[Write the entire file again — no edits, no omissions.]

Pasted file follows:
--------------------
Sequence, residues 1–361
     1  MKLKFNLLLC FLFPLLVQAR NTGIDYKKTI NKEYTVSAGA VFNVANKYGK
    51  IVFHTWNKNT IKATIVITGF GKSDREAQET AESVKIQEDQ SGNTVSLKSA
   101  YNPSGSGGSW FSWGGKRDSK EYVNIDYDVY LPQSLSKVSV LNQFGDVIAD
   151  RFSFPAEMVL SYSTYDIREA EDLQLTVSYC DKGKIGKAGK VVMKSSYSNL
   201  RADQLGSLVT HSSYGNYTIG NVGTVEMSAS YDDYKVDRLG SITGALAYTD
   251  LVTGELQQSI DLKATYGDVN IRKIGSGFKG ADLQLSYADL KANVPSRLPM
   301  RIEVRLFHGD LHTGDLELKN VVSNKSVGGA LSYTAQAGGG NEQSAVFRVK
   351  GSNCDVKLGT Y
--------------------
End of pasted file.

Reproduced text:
Sequence, residues 1–361
     1  MKLKFNLLLC FLFPLLVQAR NTGIDYKKTI NKEYTVSAGA VFNVANKYGK
    51  IVFHTWNKNT IKATIVITGF GKSDREAQET AESVKIQEDQ SGNTVSLKSA
   101  YNPSGSGGSW FSWGGKRDSK EYVNIDYDVY LPQSLSKVSV LNQFGDVIAD
   151  RFSFPAEMVL SYSTYDIREA EDLQLTVSYC DKGKIGKAGK VVMKSSYSNL
   201  RADQLGSLVT HSSYGNYTIG NVGTVEMSAS YDDYKVDRLG SITGALAYTD
   251  LVTGELQQSI DLKATYGDVN IRKIGSGFKG ADLQLSYADL KANVPSRLPM
   301  RIEVRLFHGD LHTGDLELKN VVSNKSVGGA LSYTAQAGGG NEQSAVFRVK
   351  GSNCDVKLGT Y